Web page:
greater vapor collection is possible during the next heating event.  If a canister is undersized,
then the vessel would not likely meet the proposed standards. On the other hand,  after a certain
point, increasing the size of the canister offers little additional emission control. Once the
system reaches a stabilized purge/load condition, the emission reduction potential is based on the
portion of the canister that purges and loads rather than the full volume of the canister.

       The storage capacity of a carbon canister is based both on the volume of the canister and
the working capacity of the carbon.  Butane working capacity (BWC) is a measure of the vapor
storage capacity of the carbon and is expressed in units of mass of butane  per unit of volume.
We are proposing that the BWC of the carbon be at least 9 g/dL based on the test procedures
specified in ASTM D5228-92.207  Under this test procedure, butane vapor is fed through a
carbon sample at a specified rate, until the mass of the carbon sample reaches equilibrium. The
butane is then purged off with dry air. BWC  of the carbon sample is calculated from the
difference in the measured mass of the carbon sample before and after the purge.

       Using the ASTM test procedure, the BWC represents the full saturated capacity of the
canister and not the amount of vapor that the  canister will hold before breakthrough occurs.
Under the EPA automotive test procedure in 40 CFR 86.134-96, the canister capacity is based on
the amount of butane loaded in the canister until 2 grams of breakthrough is measured.
However, we are proposing to use the ASTM procedure because it gives a repeatable measure
that is currently used by industry. The design standard of 9 g/dL is based  on this test procedure
and therefore accounts for the differences in the ASTM and existing EPA automotive procedure.

       Based on the data presented earlier in this chapter, we are proposing that the volume of
the carbon canister must be a minimum of 0.04 liters of carbon per gallon of fuel tank capacity
for fuel tanks installed in boats less than 26 feet in length. For larger boats, the fuel temperature
may be less affected by diurnal temperature swings for two reasons.  First, these fuel tanks
would be in larger vessels which are more likely to be stored in the water and therefore, subject
to smaller temperature fluctuations.  Second,  these fuel tanks would likely be larger and have
larger thermal inertia in the fuel which may lead to lower temperature fluctuation.  Therefore, for
fuel tanks installed on boats greater than or equal to 25 feet, we are proposing a design minimum

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Draft Regulatory Impact Analysis
volume of 0.016 liters of carbon every gallon per gallon of fuel tank capacity.

       5.6.3.4.2 Carbon humidity resistance

       In a marine environment, the carbon may be exposed to more humid air, on average, than
in land-based applications such as cars and trucks. Traditional carbons used in automotive
applications can adsorb water, thereby closing sites off to hydrocarbons. With active purge and
carbon heating during refueling vapor collection, the water vapor is easily purged off the carbon.
Under this proposed rule, we are basing the design specification on a passive purge canister
design and are not requiring onboard refueling vapor recovery. Therefore, we believe that the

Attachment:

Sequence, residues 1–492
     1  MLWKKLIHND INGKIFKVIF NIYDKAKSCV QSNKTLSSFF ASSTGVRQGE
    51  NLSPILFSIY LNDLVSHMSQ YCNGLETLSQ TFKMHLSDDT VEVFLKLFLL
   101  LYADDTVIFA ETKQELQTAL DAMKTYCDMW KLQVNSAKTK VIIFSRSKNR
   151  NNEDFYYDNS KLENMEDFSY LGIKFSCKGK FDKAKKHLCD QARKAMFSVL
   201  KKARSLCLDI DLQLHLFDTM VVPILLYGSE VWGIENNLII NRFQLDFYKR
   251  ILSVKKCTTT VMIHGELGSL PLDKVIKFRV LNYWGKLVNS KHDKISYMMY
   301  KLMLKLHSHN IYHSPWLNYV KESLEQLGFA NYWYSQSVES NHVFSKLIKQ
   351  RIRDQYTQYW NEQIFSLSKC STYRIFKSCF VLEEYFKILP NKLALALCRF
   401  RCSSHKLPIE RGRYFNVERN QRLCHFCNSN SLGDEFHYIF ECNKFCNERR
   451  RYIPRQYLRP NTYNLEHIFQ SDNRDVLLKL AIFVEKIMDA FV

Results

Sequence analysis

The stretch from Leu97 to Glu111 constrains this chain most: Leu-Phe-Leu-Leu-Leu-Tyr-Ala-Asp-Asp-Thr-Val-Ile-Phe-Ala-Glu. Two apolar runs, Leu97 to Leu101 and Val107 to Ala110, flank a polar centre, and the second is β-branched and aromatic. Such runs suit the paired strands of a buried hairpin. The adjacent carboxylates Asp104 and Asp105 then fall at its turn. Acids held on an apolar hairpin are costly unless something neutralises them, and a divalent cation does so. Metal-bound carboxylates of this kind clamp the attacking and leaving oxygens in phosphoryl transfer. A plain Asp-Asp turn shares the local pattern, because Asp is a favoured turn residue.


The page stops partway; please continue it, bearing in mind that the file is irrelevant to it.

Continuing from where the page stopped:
carbon should be resistant to moisture in the air. In the in-use program discussed above, marine
grade carbon was used that was developed specifically for high humidity applications.208

        We proposing design-based certification requirements for humidity resistance based on
the specifications of the humidity-resistant carbon used in the in-use demonstration program.
This carbon meets a moisture adsorption capacity maximum of 0.5 grams of water per gram of
carbon at 90 percent relative humidity and a temperature of 255C. This limit is based on a test
procedure where dried carbon is exposed to water vapor and the pressure in the sample chamber
is controlled to achieve the correct partial pressure of the water to achieve the desired relative
humidity. The adsorption of water in the carbon is calculated based on the reduction in pressure
in the sample chamber. More detail on this test procedure is available in the docket.209

       5.6.3.4.3 Carbon durability

       Another issue that has been raised with regard to canister use in marine applications is
the durability of the canister under the shocks that can be observed on a marine vessel.
Automotive applications see shocks and vibration as well and the carbon is protected by packing
it under pressure in the canister. To address the concern of carbon durability, however, we are
proposing to include a carbon strength requirement.  This strength requirement is consistent with
the specifications for the carbon used in the in-use test program described above, which was
designed to have a higher hardness value and lower dust attrition rates than typical automotive
carbons.

       The industry procedure for carbon pellet strength is to determine the average pellet size
in a sample of carbon before and after a pan hardness test. Pellet size is determined by
separating the carbon by size using  sieves. The pan hardness test involves shaking the carbon in
a pan with steel balls over a fixed period of time. The pellet strength is determined by taking the
ratio of the average pellet size of the carbon before and after the pan and ball attrition test.  We
are proposing a pellet strength of at least 85 percent.  The proposed test procedure is ASTM
D3802-79210 with two variations. First, as discussed above, hardness is defined as the ratio of
mean particle diameter before and after the attrition test.  Second, the attrition test would use
twenty 1/2M steel balls and ten 3A" steel balls rather than fifteen of each as specified in ASTM